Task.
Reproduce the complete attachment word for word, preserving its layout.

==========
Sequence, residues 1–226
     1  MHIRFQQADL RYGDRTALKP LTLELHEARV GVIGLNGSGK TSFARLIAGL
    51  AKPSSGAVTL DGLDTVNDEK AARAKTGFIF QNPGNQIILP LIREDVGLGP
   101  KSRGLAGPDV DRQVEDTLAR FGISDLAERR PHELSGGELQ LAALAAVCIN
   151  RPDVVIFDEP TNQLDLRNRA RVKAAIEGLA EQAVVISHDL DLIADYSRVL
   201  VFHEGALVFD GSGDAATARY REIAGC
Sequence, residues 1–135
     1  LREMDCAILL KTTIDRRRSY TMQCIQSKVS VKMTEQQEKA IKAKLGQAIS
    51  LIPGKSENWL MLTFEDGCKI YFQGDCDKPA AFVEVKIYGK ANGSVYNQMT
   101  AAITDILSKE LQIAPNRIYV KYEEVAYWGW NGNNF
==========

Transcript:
Sequence, residues 1–226
     1  MHIRFQQADL RYGDRTALKP LTLELHEARV GVIGLNGSGK TSFARLIAGL
    51  AKPSSGAVTL DGLDTVNDEK AARAKTGFIF QNPGNQIILP LIREDVGLGP
   101  KSRGLAGPDV DRQVEDTLAR FGISDLAERR PHELSGGELQ LAALAAVCIN
   151  RPDVVIFDEP TNQLDLRNRA RVKAAIEGLA EQAVVISHDL DLIADYSRVL
   201  VFHEGALVFD GSGDAATARY REIAGC
Sequence, residues 1–135
     1  LREMDCAILL KTTIDRRRSY TMQCIQSKVS VKMTEQQEKA IKAKLGQAIS
    51  LIPGKSENWL MLTFEDGCKI YFQGDCDKPA AFVEVKIYGK ANGSVYNQMT
   101  AAITDILSKE LQIAPNRIYV KYEEVAYWGW NGNNF